Setting the start position of the output window.

I have just installed MonoGame as a way to prototype code for other projects. Already though I have one really annoying problem that I don’t seem to be able to find a solution for. With a WinForms project, you can set the start position for when the programme runs but I can’t do that with the MonoGame project. As a result, every time I run the project, the control bar of the window is hidden behind the taskbar… so I can’t move the window away from the code.

As an artist/designer/programmer, I have a lot of applications that I need access to, so I hate having the taskbar appear and disappear all the time with autohide. I found one solution where you can cascade the windows to get access to it but if I have to do that every time I run the project, it’s going to get old really, really quickly.

I run a dual-monitor setup so I prefer to move the output to my second screen while it is running, so I can reference the code and output at the same time. Does anyone have any suggestions/tips on how to get round this? I even tried moving VS to my second screen but the monogame window still opened on my primary screen, hidden behind the taskbar.

In Initialize(), you can set the game window’s position. For example:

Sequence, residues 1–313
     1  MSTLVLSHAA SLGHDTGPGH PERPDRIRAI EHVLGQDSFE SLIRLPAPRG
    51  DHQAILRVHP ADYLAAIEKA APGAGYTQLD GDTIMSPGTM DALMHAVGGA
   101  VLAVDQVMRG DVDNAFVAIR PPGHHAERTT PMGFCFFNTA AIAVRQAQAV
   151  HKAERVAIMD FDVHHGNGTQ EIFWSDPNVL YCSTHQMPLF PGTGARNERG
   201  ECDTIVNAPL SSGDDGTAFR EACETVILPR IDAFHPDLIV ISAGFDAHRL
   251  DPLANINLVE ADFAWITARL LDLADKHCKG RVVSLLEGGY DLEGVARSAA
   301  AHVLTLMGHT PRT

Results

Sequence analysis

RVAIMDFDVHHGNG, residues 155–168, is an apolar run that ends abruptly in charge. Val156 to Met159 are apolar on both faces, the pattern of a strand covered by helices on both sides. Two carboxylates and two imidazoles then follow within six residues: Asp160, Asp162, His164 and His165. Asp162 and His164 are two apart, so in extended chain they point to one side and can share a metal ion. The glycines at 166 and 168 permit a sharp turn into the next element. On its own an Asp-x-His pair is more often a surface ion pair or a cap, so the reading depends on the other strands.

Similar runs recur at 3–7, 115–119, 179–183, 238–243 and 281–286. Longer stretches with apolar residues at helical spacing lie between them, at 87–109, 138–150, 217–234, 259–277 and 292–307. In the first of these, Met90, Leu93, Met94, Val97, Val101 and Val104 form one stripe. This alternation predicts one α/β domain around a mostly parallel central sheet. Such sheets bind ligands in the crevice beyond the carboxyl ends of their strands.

Window.Position = new Point(1000, 300);


Brilliant, thank you. It’s a good few years since I have used XNA, so all my knowledge (what little there was of it) has been archived in a place my brain doesn’t want to go, so I am stumbling over simple things.

Your reply was very much appreciated. :slight_smile:

This API was actually not available in XNA :slight_smile:

Also, if I take words from your post here and search google for “monogame set window start position”, I get the answer in the first search result:

I’m not trying to discourage you from asking questions here, but just want to point out that quite a few answers are already out there for MonoGame. I find stuff all the time.

“You could have just Googled it” is a horrible phrase to imply to people new to a site. And when it is used on a question that has already been answered, it makes you look like someone who goes round new posts, looking for people to “correct”.

I don’t want to discourage you from posting answers but when I start typing, I get a big yellow box that asks me “Is your comment contributing to the discussion?” and tells me to “Criticise ideas, not people”. Posting comments like you did, adds nothing to the discussion but does criticise me for not using Google more extensively. Maybe that yellow box needs to be permanently displayed.

So that type of post does discourage people from asking questions but even more damaging, is it discourages people from even wanting to be part of a community. I used to moderate a support forum for 14 hours a day. I used to see the same questions over and over again but not once did I ever say “You could have just Googled it”… In fact, any posts of that kind were removed and the posters advised that it wasn’t tolerated. People deserve a little more respect than that, no matter how lazy they might appear to be.